Pittsburgh Ballet brings back “Nutcracker”

By Bridget Seelinger | The Duquesne Duke

Courtesy of Chelsea Kwong Dancers Alexandre Silva and Julia Erickson prepare for Pittsburgh Ballet Theatre’s latest reindition of “The Nutcracker.” The dance trope has put on the show every year and try to outdo the previous performance.

Courtesy of Chelsea Kwong
Dancers Alexandre Silva and Julia Erickson prepare for Pittsburgh Ballet Theatre’s latest reindition of “The Nutcracker.” The dance trope has put on the show every year and try to outdo the previous performance.

Boasted as Pittsburgh Ballet Theatre’s most lavish production, “The Nutcracker” is almost ready for audiences to enjoy again once the curtain is lifted on Friday, Dec. 4. In its studio on Liberty Avenue, the company has been waltzing and whirling for over a month, putting together what they hope will be their best production yet.

Featuring some of the troupe’s most elegant costumes, “The Nutcracker” tells the story of Marie, who is given a nutcracker by her uncle at a Christmas party. She awakes the night after the party to find herself in the middle of an epic struggle between her Christmas toys and the rats who are threatening to invade her home. Her nutcracker is leading the charge, defending her and once the rats are defeated, he magically changes into a prince. He invites Marie to his kingdom and it is there that she takes part in the party celebrating the defeat of the rats. Set to Tchaikovsky’s timeless music, “The Nutcracker” is a holiday tradition, especially in Pittsburgh.

For the dancers, this production is highly anticipated every year. Soloist Hannah Carter said two of her favorite dances in “The Nutcracker” are the Sugar Plum Fairy and the Arabian.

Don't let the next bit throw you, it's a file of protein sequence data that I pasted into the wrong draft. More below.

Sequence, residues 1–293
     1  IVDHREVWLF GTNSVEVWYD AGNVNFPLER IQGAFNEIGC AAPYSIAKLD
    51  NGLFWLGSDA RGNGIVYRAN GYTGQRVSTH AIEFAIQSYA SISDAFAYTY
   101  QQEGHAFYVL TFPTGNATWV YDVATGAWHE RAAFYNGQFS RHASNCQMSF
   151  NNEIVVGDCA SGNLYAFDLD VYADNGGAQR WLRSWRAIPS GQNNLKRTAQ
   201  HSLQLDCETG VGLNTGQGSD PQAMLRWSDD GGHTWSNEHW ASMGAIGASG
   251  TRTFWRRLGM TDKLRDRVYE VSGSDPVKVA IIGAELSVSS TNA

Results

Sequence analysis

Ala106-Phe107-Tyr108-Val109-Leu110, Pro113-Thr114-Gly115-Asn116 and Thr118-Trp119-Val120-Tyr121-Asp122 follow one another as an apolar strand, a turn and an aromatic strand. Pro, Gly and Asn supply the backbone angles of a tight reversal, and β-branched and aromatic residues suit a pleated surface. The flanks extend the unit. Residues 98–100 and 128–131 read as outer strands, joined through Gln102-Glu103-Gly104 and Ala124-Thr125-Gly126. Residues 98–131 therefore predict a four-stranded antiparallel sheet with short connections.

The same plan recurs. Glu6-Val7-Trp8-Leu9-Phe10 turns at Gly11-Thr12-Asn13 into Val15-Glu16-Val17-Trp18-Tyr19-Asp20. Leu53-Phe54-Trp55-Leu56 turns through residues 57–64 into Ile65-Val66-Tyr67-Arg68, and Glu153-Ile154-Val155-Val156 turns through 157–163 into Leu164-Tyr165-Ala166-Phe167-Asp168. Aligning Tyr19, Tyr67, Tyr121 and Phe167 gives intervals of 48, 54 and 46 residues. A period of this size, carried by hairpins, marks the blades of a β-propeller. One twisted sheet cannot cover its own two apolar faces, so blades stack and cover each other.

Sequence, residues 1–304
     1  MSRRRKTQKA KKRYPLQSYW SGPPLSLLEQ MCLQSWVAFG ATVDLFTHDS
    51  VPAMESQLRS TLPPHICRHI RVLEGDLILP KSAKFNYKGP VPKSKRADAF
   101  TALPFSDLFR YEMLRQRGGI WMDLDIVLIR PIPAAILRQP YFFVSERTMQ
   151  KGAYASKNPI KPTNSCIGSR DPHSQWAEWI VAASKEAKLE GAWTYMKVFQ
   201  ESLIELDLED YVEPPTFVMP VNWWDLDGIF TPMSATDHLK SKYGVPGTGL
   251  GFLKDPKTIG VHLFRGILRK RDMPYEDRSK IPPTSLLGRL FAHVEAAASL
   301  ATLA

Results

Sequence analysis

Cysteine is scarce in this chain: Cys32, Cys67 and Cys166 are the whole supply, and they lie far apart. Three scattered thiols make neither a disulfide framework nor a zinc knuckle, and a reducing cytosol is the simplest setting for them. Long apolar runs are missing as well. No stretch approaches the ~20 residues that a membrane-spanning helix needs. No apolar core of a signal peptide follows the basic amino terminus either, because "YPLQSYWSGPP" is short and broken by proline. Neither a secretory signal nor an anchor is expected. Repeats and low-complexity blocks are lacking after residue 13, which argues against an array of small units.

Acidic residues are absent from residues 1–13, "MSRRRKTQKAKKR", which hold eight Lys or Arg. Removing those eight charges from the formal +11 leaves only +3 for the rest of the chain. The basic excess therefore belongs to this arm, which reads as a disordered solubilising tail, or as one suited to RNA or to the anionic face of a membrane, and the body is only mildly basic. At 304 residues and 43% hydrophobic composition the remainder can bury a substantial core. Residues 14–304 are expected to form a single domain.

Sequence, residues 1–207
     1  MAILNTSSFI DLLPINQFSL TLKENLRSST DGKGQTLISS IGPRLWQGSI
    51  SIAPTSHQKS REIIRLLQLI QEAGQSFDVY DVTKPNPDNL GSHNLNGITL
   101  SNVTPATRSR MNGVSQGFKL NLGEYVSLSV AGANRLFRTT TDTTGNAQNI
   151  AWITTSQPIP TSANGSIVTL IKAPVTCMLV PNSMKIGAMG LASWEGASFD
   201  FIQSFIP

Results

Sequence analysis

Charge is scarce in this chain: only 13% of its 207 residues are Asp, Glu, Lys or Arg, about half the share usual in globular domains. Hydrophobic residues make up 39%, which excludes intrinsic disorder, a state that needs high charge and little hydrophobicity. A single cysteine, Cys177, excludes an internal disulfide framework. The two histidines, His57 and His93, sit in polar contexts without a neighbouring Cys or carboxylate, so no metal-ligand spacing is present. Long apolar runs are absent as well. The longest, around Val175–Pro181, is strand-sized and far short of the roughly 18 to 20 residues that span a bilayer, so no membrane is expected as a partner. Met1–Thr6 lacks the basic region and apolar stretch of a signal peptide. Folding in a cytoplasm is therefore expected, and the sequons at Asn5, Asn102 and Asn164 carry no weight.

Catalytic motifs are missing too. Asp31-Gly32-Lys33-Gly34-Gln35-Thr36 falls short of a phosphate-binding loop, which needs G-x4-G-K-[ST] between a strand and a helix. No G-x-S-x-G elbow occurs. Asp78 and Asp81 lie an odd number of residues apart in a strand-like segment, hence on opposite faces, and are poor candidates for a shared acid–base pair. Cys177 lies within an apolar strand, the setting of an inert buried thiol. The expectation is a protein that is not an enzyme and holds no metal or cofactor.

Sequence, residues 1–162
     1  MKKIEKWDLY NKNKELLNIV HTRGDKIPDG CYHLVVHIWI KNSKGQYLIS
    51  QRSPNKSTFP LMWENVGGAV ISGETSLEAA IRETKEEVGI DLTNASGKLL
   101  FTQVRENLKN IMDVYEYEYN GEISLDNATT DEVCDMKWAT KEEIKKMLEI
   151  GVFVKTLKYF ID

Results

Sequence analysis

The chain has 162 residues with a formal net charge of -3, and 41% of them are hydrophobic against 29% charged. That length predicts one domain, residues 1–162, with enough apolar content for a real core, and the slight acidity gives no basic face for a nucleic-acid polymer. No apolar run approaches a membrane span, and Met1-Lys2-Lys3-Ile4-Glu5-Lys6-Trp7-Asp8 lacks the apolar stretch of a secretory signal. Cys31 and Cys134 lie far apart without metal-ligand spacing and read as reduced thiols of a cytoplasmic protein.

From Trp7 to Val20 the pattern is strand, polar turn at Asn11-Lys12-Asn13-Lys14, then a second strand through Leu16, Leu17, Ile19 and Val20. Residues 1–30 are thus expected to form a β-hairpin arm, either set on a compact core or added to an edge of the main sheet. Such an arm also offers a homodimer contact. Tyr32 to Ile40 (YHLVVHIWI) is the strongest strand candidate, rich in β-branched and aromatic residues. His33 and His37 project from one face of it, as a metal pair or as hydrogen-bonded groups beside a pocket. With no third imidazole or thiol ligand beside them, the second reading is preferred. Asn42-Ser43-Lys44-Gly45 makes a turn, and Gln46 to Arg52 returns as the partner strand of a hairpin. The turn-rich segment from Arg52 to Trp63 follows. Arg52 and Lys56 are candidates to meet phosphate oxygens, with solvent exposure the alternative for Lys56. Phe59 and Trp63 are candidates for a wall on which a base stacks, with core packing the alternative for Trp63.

“It’s magic and fun and the music is amazing,” Carter said. “I love being able to do all of the different roles.”

“The Nutcracker” offers more versatility for dancers in the company due to the large amount of roles available. This production is often one that professional dancers remember as their first time on the big stage.

Carter said that she enjoys working with the younger dancers.

“The kids are so sweet and so well behaved,” Carter said. “We can tell they are excited.”

Julia Erickson, a principal dancer in the company, is especially excited about the richness and history that this version of “The Nutcracker” highlights.

“There are a lot of details in the production that have to do with the city [Pittsburgh] and its history and that is really special,” she said. “I know that our director, Terrence S. Orr, put a lot of care into creating the libretto to be rich and really represent the region while still telling the story of “The Nutcracker.”

Some examples of this include the beautiful backdrops of Pittsburgh throughout the production and the inclusion of Mr. and Mrs. Kaufmann, the founders of one of Pittsburgh’s largest department stores in the party scene in Act 1. Last year, there was even a reference to the Pittsburgh Penguins during the first act that drew a few laughs from the audience. All of these little details help make the troupe’s production unique to Pittsburgh while still telling the original story.

A few changes to this year’s production make the debut on Dec. 4 all the more anticipated. The troupe has said that viewers can look for a bigger and better Christmas tree during the Act 1 party scene, in addition to an updated Rat King costume. There are also some changes to the Waltz of the Flowers scene with the addition of four more dancers and some alterations in the snowflake dance.

Students and faculty can purchase discounted tickets by using the promo code PBTDUQ with ticket prices starting at around $15.  The show will be performed weekends through Dec. 27

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